It isn't clear just yet if the threat of impending nuclear war has something to do with it, but US citizens seem to continually be arming themselves. The latest figures from the NICS background check system, which was recently posted by the FBI, shows that August has set yet another [more]
A state representative in Upper Peninsula of Michigan has just introduced a controversial new bill that has ignited conversations amongst residents. The new bill will essentially allow legal firearm owners with concealed carry permits to take their guns in previously gun-free zones such as schools and other establishments. The proposal [more]
With the prominence of social media and online services, tourists are now becoming more comfortable using online marketplaces for their travel plans. Airbnb is one such service that is becoming quite popular here in the country. In fact, Americans are spending millions of dollars within the app itself as staying [more]
The Federal Bureau of Investigation (FBI) has now called all Federal Firearms Licensees (FFLs) and interested parties to join its upcoming event that will include several useful resources and presentations pertaining to licensing and gun ownership. The event called the "NICS Retailer Day" will be held on July 25 at [more]
Florida state officials have just announced that thousands of Florida residents who currently possess firearm concealed carry permits may have just had their information compromised. Thousands of names of holders and hundreds of Social Security numbers were reportedly stolen by hackers. The data breach was initiated through the online payment system [more]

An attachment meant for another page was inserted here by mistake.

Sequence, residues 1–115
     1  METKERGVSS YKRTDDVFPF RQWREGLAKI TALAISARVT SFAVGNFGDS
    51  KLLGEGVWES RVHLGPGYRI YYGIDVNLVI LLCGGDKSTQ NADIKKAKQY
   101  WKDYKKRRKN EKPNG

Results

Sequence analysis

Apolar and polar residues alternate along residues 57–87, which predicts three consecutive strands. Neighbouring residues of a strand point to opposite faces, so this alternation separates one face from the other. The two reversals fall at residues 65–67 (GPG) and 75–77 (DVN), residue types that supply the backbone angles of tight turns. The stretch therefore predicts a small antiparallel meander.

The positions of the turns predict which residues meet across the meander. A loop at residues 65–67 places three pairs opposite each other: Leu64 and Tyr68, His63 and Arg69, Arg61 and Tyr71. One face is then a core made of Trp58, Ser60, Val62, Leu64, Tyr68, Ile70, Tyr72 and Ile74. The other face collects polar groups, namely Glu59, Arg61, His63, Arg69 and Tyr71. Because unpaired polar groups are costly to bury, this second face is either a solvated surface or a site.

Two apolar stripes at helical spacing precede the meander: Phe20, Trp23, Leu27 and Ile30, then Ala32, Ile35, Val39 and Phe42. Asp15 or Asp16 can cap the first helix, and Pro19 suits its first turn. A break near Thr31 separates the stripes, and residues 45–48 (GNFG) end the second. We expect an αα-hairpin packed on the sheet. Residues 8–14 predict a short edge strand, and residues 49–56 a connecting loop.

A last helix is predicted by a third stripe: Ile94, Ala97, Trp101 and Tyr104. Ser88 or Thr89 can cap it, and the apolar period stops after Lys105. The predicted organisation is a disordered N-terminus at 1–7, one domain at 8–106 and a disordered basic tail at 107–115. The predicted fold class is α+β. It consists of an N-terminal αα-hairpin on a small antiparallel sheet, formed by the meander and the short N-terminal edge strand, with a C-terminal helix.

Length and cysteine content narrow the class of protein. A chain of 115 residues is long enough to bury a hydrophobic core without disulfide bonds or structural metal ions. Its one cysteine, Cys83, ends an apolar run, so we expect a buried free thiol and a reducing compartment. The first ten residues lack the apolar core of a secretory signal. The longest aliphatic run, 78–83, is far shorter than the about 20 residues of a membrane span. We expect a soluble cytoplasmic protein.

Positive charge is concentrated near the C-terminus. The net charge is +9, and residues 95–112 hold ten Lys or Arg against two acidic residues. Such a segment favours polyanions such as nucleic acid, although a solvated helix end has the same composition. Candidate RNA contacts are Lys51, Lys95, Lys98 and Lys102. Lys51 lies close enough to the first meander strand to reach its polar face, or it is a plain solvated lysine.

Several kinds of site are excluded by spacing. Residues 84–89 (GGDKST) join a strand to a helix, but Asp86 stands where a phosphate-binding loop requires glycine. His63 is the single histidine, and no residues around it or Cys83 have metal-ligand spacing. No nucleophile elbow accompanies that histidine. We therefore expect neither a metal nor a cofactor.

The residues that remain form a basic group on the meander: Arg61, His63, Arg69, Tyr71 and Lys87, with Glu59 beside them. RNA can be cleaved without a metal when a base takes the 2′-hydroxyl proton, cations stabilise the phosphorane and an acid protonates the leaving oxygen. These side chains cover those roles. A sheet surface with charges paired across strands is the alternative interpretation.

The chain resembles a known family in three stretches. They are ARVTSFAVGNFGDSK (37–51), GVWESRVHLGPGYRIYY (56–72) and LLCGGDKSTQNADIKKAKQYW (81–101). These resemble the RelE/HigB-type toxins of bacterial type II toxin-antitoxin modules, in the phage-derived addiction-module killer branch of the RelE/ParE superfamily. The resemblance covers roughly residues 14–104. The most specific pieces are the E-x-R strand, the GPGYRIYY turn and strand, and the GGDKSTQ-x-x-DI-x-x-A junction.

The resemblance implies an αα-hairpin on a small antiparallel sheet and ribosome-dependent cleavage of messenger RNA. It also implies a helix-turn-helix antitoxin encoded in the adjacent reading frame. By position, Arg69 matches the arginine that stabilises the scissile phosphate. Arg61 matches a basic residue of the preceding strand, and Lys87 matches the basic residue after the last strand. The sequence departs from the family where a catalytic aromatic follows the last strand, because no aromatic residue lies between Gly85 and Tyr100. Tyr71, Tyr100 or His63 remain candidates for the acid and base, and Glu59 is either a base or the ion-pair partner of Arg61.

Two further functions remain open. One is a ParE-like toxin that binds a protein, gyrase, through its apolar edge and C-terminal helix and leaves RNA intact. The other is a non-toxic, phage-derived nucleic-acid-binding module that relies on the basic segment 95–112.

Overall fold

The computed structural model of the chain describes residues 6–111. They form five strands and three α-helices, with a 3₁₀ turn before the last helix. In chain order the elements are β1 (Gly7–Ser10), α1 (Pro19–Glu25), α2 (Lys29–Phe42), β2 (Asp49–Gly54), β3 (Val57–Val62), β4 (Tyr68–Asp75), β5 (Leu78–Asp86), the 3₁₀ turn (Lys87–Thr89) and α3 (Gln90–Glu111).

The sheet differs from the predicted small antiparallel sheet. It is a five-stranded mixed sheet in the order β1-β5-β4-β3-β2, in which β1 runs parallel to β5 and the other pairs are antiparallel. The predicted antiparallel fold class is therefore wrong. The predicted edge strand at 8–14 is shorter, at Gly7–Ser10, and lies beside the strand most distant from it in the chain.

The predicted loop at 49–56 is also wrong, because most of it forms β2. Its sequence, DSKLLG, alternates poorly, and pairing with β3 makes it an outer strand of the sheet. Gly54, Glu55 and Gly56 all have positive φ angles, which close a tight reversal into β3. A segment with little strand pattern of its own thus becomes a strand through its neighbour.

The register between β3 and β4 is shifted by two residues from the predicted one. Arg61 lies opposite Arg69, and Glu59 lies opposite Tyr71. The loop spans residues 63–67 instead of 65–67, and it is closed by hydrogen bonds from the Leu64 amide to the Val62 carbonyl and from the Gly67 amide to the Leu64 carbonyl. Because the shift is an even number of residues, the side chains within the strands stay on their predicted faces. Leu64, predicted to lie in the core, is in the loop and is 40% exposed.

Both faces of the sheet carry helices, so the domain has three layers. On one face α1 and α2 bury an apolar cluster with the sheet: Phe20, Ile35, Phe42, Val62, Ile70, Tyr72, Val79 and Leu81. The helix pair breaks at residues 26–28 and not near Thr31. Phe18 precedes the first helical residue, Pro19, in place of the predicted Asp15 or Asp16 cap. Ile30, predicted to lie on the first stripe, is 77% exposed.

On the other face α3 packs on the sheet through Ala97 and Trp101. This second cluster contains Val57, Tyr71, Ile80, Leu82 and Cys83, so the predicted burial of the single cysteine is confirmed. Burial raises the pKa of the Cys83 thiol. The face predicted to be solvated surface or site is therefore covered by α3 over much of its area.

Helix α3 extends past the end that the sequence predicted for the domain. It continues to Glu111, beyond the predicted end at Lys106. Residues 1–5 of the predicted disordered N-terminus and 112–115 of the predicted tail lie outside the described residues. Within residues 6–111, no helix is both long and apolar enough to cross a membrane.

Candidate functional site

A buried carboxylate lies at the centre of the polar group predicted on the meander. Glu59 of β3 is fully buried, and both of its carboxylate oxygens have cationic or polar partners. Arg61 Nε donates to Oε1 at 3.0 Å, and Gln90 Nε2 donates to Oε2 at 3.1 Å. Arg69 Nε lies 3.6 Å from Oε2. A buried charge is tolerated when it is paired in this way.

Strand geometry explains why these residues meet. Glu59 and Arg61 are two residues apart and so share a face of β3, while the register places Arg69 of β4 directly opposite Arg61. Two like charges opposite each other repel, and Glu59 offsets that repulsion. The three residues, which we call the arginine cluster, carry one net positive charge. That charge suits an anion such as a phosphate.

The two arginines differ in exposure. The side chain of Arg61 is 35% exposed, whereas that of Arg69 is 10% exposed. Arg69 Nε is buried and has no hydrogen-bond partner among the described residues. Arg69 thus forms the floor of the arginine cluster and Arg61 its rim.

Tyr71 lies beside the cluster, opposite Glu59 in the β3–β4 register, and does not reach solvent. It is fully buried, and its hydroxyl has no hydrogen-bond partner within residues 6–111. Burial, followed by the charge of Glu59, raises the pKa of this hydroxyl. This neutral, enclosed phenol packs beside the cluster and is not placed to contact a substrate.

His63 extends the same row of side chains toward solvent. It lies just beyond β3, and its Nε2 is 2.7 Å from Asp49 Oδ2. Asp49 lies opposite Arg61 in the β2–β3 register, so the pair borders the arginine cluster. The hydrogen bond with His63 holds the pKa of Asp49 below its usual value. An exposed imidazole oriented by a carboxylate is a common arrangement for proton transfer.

The state of Arizona has passed a brand new State Bill, which is obviously aimed at Tucson city's stubborn stance on firearm background checks. The new law is specifically targeting the private sale of guns amongst citizens. A city ordinance that required background checks for gun sales was passed more [more]
In 2009, the National Employment Law Project released a report saying that FBI background check records were often incomplete or inaccurate, harming thousands of job seekers. U.S. Rep. Bobby Scott, D-Va., said he’d introduce a bill that would require the FBI to verify and correct criminal information before issuing an employment background check.
Fast forward four years. NELP, a workers’ advocacy group, recently issued another report saying the same thing about FBI background checks. And Rep. Scott has reintroduced his bill to fix the problem. Apparently, his previous bill, introduced in 2010, went nowhere.
This isn’t Obamacare, immigration reform, gun control or the federal budget. This one should be a slam dunk, a no-brainer.
Over the years, Congress has mandated FBI background checks for an increasing number of jobs: federal workers, truck drivers who haul hazardous material, port workers, health care workers, school employees and more. It’s up to Congress to mandate that those FBI records are accurate.
The latest NELP report notes that employers requested about 17 million FBI background checks last year — up sixfold since Sept. 11, 2001 — and that inaccurate records potentially harmed 1.8 million Americans’ ability to get a job. That’s inexcusable. Since the FBI checks are considered the “gold standard” of background checks, their accuracy and trustworthiness should be gold-plated.
Both NELP reports pointed out that the government already mandates accuracy in FBI background checks for firearms purchases, so it has a model for requiring the same for employment background checks.
Congress had the chance to correct this problem in 2010. It failed. Lawmakers need to get it right this time.